Thomas E. Ricks, founder of BYUIdaho, was more than just the founder of Ricks College. The characteristics Rick’s possessed during his lifetime created a unique atmosphere which left its legacy for the students and faculty here to continue.

The “Spirit of Ricks” includes many traits that have been handed down, generation through generation. These include faith in Jesus Christ, consecration, sacrifice and diligence.

“You and I need to learn about and understand that Spirit so we might preserve it and enhance it” said Elder Kim B. Clark in a 2007 BYU-I devotional.

In 1848, 20-year-old Ricks joined with Elder Heber C. Kimball’s company to settle in Centerville, Utah. While crossing the plains, a group of Native Americans drove off the Saints cattle. Ricks and three others jumped on their horses in an attempt to save their cattle. Upon finding them, Ricks received three bullet wounds. Two bullets in his kidneys and one against his backbone. The doctor thought Ricks would not live longer than a few hours.

Elder Kimball administered to Ricks and promised him he should recover and see the Saints become a “mighty people in the midst of the Rocky Mountains.”

Lying there alone, Ricks thought of the condition of his father and family. They badly needed his assistance in crossing the plains and making a home in a new land. He wondered if he was going to die.

Suddenly he heard a voice say audibly and clearly, “You will not die; you will live to go to the valley of the mountains and there you will do a great work in your day and generation.” He lived the rest of his life with those three bullets lodged in his body.

Even though Ricks was close to death, Elder Clark described him as having “…diligence; a capacity to work hard; a sense of responsibility.”

Thomas E. Rick was the founded of Ricks College (now known as BYU-Idaho) in 1888 wehn he was fifty-nine years-old.

Thomas E. Rick was the founder of Ricks College (now known as BYU-Idaho) in 1888 when he was 59 years-old. Photo credit: BYU Religious Studies Center & Church History Library

Ricks participated in four rescue missions (including a three year wagon train mission) during the great western migration of the Saints from Nauvoo to the Utah area. Before Ricks left to assist in one of the most famous pioneer rescues in church history, he wrote this to his first wife Tabitha days before coming home from his Las Vegas mission.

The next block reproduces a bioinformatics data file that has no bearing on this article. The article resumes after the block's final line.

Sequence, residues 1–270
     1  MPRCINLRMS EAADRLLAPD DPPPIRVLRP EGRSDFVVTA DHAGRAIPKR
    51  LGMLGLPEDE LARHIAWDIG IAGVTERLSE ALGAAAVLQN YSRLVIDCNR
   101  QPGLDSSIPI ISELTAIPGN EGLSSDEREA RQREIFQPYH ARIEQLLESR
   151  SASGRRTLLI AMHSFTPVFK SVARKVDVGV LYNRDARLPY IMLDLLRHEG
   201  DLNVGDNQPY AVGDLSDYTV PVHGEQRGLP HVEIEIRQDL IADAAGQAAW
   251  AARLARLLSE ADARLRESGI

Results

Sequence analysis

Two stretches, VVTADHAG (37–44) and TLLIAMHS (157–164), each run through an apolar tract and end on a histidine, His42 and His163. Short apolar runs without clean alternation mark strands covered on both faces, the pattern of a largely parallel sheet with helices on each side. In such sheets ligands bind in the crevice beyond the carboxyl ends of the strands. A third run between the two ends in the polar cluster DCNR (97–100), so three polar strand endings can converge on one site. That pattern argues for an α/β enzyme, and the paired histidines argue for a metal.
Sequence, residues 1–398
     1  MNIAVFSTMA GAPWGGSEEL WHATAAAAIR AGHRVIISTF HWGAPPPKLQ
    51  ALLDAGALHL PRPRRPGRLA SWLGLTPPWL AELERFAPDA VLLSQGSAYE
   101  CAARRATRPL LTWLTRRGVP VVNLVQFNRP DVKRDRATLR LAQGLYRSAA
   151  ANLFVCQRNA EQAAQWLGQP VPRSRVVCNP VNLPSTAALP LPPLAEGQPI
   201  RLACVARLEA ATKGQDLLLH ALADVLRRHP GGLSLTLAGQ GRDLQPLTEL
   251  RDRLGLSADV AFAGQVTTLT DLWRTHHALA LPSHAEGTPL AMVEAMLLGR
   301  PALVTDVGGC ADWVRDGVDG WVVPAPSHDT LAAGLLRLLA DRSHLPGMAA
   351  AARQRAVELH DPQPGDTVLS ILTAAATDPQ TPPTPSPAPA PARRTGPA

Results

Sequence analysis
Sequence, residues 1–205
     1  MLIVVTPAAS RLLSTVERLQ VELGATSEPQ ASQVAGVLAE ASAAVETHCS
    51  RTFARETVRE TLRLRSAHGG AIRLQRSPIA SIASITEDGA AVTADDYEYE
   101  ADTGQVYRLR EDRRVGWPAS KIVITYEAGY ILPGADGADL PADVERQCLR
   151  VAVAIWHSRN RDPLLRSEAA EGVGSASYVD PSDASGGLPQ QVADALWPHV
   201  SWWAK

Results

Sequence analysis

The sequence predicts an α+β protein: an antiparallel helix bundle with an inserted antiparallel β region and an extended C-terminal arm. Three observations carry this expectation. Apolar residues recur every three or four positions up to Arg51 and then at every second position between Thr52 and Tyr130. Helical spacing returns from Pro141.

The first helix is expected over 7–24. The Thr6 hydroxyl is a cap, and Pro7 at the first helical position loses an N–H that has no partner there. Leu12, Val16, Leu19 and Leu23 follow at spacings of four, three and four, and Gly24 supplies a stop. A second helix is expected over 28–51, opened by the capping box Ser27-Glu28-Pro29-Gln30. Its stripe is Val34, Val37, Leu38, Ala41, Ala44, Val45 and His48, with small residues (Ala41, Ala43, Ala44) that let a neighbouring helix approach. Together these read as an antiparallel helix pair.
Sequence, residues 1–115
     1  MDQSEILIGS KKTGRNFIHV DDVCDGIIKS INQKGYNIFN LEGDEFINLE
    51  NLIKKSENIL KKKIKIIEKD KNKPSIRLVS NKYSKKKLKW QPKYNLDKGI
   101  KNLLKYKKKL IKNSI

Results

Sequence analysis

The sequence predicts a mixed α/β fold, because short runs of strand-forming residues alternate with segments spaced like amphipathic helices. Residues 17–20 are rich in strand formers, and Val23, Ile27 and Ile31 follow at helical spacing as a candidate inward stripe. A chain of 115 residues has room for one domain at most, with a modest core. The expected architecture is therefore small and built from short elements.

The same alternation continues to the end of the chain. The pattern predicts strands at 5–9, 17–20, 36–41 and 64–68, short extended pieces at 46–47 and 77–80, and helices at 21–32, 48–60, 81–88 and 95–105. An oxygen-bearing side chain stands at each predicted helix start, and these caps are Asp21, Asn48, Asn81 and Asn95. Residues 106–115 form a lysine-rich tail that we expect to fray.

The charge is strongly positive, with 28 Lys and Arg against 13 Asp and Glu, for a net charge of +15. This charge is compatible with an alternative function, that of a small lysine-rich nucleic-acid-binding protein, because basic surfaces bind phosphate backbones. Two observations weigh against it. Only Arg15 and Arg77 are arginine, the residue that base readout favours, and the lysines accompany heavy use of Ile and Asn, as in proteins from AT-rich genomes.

“I can say, as you have said, that I never tried harder to do what is right than I have on this mission,” 26-year-old, Thomas Ricks wrote to Tabitha. “It is but momentary concern but I do expect that from this time forth, my time will be spent in the work of the Lord, through time and all eternity. That is my desire and determination.

The call given by President Brigham Young to go and help was given just 10 days after Ricks had returned from his mission to Las Vegas in 1856. The distance to find the Martin handcart company and the wagon companies traveling close by — (about 380 miles — was the farthest that relief wagons had ever traveled so late in the season.

“If help had not come when it did, there would have been no one left to tell the tale,” ​wrote Mary Hurren.

When asked to leave Logan, Utah in 1883 by President John Taylor, to look after the saints in the Bannock ward along with scouting more areas available for settlement, Ricks left the following businesses behind: Threshing mill​, saw mill​, grist mill​, a ferry​, a business with the railroad​ and a canal company. Ricks owned everything west and north of the main street of Logan for miles​, several thousand acres​, land in present Cache Junction and a 160acre homestead.

“Before coming up here I was comfortably situated and had prepared to enjoy life in comfort,” Ricks said. “I was called here and expended my means for the benefit of the people. My means have been used up, and I am comparatively poor. But my faith has been increased in the Lord, and I acknowledge the blessings of the Lord.”

Ricks once again showed in acts of humility to the submission of the Lord’s commandments “…a willingness to sacrifice self-interest in order to serve and help others.”

President Alvin F. Meredith III, current BYU-I president, concluded his inaugural response with this promise:

“By remaining Christ-centered and prophetically directed, continuing to strengthen our teaching focus, preserving the Spirit of Ricks and amplifying our message and extending our reach, we will preserve our birthright and continue on the steady, upward course that the Lord established for this university.​”